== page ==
Thursday 21st of February 2019 |
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Merkel Last-Ditch Migrant Deal Reopens EU Deep Divisions




German Chancellor Angela Merkel came under fire Tuesday from EU partners after she agreed to push back migrants in a last-ditch deal to save her fragile government, a move that also threatened to unleash a domino effect of European nations shutting refugees out.
In high-stakes crisis talks overnight, Merkel put down a rebellion by Interior Minister Horst Seehofer with an agreement to tighten border controls and set up closed "transit centers" to hold migrants on the Austrian frontier.
But the deal, which essentially amounted to an about-turn in Merkel's liberal refugee policy, immediately sparked resistance from Germany's neighbors as well as the third member of her shaky coalition, the Social Democratic Party (SPD).
Austria vowed to "protect its southern borders" while Italy slammed Berlin for adopting the "wrong attitude that brings no solution" and warned that the plan risked running up against last week's hard-fought EU deal that sees the bloc working together to curb migrant arrivals.
Vienna is "of course not ready to conclude deals that harms Austria," said Austria's Chancellor Sebastian Kurz.
"Austria should not have to take on the legacy of a failed welcoming culture that is in Europe linked to some names," charged the country's far-right Interior Minister Herbert Kickl, in an attack against Merkel.
Earlier Vienna's right-wing government had warned that if Germany pushes ahead with its plans, "we will be obliged to take measures to avoid disadvantages for Austria and its people."
And it would be "ready to take measures to protect our southern borders in particular," it said referring to the frontiers with Italy and Slovenia.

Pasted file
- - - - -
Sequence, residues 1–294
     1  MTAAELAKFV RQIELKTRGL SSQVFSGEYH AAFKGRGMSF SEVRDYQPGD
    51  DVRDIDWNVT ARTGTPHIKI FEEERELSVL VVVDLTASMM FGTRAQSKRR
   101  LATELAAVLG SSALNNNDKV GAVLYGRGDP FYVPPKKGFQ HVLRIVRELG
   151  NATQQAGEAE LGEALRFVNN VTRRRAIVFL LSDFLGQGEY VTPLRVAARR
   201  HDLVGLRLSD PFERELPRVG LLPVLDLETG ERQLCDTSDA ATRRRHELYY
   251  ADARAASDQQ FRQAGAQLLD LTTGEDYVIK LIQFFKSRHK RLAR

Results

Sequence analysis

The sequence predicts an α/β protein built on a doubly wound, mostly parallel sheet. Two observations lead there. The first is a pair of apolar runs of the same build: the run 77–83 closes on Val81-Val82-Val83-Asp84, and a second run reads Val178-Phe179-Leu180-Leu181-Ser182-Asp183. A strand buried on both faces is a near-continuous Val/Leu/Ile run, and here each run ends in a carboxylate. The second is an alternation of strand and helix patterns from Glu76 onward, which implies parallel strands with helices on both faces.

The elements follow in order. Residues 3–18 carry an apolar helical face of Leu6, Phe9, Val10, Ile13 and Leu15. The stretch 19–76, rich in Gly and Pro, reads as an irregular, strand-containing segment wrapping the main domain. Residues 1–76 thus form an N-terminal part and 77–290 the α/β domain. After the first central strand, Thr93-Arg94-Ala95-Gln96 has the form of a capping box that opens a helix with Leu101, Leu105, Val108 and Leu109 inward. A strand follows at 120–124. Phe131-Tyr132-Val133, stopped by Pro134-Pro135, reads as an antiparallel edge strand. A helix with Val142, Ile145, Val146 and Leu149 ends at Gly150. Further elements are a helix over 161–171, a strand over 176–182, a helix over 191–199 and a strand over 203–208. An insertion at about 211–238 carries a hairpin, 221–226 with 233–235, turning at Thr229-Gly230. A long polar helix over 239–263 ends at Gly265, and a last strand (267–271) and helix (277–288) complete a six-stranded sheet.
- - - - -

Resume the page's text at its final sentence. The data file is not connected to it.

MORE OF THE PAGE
Foreign Minister Karin Kneissl also expressed anger that Vienna "was not consulted", in remarks quoted by Austrian media.
- 'Erroneous attitude' -
Vienna's reaction raised the spectre of a domino effect in Europe, with member states taking increasingly restrictive measures to shut out refugees.
Czech Prime Minister Andrej Babis, whose country has flatly refused to take in migrants under a controversial EU quota, leaped on the chance to urge Europe to close its borders.
"Germany has made it very clear that people who disembark in Italy or Greece do not have the right to choose to live in Germany. Hopefully Italy and Greece will understand and close their borders," he wrote in a tweet.
Italy's Prime Minister Giuseppe Conte took aim at Merkel for seeking to tackle movements of migrants within the bloc, rather than stopping them from arriving in the EU in the first place.
"If we concentrate on the resolution of secondary movement, it's an erroneous attitude that brings no solution," warned Conte.
- 'Internment camps' -
Under the pact both sides hailed as a victory, Merkel and Seehofer agreed to hold migrants in "transit centers" on the Austrian frontier to allow the speedy processing of asylum seekers and the repatriation of those rejected.
They would either be sent back to EU countries that previously registered them or, in case arrival countries reject this, be sent back to Austria, pending a now questionable agreement with Vienna.
Seehofer is due to travel Thursday to Vienna, in a bid to push his plan.
CSU general secretary Markus Blume called the hardening policy proposal the last building block "in a turn-around on asylum policy" after a mass influx brought over one million migrants and refugees.
The number of new arrivals has fallen dramatically over the last several months. The accord covers about one-quarter of them, with 18,000 already-registered people crossing the Germany border between January and May this year.
But doubts were voiced quickly by other parties and groups, accusing Merkel of turning her back on the welcoming stance she showed toward asylum seekers at the height of the influx in 2015.
Refugee support group Pro Asyl slammed what it labeled "detention centers in no-man's land" and charged that German power politics were being played out "on the backs of those in need of protection."
Annalena Baerbock of the opposition Greens party spoke of "internment camps", accusing the conservatives of "bidding goodbye to our country's moral compass."
Crucially, it remains uncertain if Merkel's coalition partner, the SPD, will rubberstamp the deal.
SPD leader Andrea Nahles said the party still had "significant questions" on the deal. The Social Democrats are holding joint party meeting with the CDU/CSU bloc.
Ahead of the talks, SPD deputy chairman Ralf Stegner voiced opposition to the transit centers, writing on Twitter: "We don't want any refugee families behind guarded fences."
One of the SPD's migration experts, Aziz Bozkurt, was withering, charging that the proposed holding centers would be "impractical and fully on track with the AfD" -- the far-right party that has been most outspoken against immigrants.

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